Image Description: Photo of Kera Sherwood-O’Regan, an Indigenous Ngāi Tahu/ Kāi Tahu Māori woman with light olive skin and long brown hair, sitting in her office with green houseplants behind her. She is wearing a black turtleneck jumper and vintage tortoiseshell-style glasses, and black pointy eyeliner. She wears Māori pounamu greenstone earrings and a pounamu pendant around her neck, and she is looking directly at the camera with a confident look on her face. Photo credit: Jason Boberg (Activate Agency)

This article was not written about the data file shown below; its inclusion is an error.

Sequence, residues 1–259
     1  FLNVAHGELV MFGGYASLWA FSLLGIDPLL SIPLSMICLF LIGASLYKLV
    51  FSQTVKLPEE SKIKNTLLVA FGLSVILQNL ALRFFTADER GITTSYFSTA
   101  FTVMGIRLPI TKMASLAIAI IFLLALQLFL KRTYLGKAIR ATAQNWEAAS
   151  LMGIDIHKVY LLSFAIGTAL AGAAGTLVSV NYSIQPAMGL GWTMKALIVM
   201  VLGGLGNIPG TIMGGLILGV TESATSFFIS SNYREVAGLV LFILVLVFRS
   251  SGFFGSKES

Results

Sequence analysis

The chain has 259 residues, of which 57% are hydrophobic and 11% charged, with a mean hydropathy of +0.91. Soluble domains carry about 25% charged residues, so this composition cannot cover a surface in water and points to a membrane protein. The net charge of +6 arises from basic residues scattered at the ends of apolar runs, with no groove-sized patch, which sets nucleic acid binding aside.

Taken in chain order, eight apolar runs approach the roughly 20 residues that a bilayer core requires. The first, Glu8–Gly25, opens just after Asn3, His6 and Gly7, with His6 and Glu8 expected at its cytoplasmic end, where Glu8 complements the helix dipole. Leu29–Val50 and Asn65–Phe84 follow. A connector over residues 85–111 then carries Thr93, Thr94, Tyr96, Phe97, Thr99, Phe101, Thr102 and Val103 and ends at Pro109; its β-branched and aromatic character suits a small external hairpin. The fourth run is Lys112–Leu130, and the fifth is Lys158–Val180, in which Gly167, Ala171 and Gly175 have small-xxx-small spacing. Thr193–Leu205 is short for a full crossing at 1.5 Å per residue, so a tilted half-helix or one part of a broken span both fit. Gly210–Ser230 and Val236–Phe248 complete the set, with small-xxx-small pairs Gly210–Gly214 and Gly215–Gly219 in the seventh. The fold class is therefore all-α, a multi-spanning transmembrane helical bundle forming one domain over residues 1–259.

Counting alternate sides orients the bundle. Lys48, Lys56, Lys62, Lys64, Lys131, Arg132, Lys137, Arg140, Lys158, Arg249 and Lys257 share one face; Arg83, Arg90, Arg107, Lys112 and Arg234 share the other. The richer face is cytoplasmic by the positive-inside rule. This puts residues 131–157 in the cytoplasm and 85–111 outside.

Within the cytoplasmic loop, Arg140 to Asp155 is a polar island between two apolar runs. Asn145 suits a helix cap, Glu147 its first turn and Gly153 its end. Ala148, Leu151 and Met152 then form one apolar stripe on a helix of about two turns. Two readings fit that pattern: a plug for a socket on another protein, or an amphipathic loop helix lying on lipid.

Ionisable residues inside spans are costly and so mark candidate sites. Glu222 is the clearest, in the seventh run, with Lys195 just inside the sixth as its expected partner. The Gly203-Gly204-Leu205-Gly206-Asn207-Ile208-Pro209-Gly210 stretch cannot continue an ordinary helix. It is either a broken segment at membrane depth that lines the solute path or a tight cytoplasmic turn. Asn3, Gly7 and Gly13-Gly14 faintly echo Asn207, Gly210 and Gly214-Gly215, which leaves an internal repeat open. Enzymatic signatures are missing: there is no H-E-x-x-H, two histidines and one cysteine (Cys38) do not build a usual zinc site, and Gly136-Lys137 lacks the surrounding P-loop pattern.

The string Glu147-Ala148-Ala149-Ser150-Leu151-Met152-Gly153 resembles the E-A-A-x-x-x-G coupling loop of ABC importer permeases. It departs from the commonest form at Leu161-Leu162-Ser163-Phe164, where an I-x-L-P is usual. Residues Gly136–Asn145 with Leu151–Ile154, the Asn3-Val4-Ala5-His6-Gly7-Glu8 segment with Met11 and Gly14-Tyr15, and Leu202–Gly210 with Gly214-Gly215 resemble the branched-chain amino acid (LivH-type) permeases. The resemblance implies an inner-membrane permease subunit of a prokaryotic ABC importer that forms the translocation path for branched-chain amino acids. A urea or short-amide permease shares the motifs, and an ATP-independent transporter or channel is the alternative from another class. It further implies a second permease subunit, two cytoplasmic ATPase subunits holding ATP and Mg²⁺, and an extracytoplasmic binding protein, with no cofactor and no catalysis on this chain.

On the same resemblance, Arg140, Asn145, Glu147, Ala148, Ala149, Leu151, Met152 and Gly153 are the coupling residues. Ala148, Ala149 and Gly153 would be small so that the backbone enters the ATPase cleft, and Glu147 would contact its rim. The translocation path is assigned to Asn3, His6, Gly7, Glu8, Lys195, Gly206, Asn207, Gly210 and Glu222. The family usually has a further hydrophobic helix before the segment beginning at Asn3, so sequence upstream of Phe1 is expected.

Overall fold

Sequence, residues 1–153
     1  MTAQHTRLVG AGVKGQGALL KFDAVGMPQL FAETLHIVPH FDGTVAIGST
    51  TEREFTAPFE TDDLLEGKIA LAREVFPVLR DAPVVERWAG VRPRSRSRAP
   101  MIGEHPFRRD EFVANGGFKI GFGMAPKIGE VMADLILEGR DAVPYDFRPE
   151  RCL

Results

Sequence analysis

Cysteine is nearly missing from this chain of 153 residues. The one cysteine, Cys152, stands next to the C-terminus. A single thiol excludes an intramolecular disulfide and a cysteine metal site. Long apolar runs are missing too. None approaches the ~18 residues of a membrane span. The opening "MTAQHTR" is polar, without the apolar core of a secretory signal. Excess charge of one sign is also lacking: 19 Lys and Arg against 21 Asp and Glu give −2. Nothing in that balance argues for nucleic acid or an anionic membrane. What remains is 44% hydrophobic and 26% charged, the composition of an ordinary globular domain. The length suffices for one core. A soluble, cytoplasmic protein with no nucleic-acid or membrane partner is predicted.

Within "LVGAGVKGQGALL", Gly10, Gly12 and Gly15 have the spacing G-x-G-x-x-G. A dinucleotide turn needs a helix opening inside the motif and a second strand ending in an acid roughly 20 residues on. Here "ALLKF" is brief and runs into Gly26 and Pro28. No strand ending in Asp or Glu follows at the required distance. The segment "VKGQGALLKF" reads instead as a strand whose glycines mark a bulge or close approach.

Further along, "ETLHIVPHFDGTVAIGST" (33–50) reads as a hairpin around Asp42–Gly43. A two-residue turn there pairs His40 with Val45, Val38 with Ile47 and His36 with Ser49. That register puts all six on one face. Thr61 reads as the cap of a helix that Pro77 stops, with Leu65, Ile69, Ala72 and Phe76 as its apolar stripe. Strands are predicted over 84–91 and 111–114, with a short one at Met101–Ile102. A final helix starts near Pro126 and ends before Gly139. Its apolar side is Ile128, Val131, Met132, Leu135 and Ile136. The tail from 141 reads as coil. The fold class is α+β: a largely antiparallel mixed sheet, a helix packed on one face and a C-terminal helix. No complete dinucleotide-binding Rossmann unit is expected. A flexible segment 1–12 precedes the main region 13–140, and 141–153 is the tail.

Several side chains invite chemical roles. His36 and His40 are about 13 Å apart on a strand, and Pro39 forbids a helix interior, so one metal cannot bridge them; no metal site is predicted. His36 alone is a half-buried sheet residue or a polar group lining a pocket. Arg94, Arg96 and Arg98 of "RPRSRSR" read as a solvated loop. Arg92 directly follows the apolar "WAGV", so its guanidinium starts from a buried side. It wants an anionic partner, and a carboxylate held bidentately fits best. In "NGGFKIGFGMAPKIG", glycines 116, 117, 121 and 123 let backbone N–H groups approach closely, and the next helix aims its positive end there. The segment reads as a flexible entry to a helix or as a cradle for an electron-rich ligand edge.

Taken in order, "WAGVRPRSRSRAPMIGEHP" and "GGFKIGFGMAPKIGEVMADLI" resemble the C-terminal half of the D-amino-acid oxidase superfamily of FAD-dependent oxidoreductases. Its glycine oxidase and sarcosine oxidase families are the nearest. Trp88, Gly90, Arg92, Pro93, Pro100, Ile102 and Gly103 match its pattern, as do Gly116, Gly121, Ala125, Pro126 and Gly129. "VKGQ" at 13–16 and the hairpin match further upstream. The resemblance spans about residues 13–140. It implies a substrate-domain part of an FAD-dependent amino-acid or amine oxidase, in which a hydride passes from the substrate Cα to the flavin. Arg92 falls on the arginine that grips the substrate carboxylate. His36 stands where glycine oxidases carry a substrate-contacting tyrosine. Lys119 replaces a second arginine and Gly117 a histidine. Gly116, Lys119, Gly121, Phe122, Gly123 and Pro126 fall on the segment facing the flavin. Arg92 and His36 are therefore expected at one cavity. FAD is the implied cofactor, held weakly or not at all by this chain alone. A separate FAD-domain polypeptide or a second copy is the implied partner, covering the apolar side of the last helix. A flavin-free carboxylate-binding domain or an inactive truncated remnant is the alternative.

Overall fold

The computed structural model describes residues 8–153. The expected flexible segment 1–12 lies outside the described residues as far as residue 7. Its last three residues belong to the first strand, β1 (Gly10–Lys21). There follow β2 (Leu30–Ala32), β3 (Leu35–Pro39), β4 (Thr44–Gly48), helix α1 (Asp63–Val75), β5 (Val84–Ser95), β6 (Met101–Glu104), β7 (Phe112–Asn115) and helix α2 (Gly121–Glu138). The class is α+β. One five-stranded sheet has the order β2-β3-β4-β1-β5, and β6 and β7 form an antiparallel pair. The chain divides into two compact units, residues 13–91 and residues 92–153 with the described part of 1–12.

Kera (Kāi Tahu, Te Waipounamu) is an indigenous and disabled multidisciplinary storyteller and rights advocate based in Te Waipounamu, the South Island of New Zealand. She is the Co-founder and Impact Director at Activate, an indigenous and disabled social impact agency specializing in ethical campaigning and narratives for social change. Her work centers on structurally oppressed communities in social change movements; explores collaborative and collective storytelling in the community; and seeks to raise the bar for free, prior, informed, and ongoing consent in the media. Kera’s work is grounded in kaupapa Māori practices and approaches and is informed by more than 15 years of activism within the climate movement. In her spare time, she runs Fibromyalgia Aotearoa NZ, and advocates for indigenous and disability rights at the United Nations climate negotiations with the International Indigenous Peoples Forum on Climate Change, The SustainedAbility Disability & Climate Network, and within the wider climate movement. Kera’s recent writing includes co-authoring From Threat to Opportunity: Climate Change and Health in Aotearoa with Dr. Rhys Jones, and Nothing about us without us: Climate Change and disability justice with Jason Boberg, both in Climate Aoteroa, Ed. Helen Clark.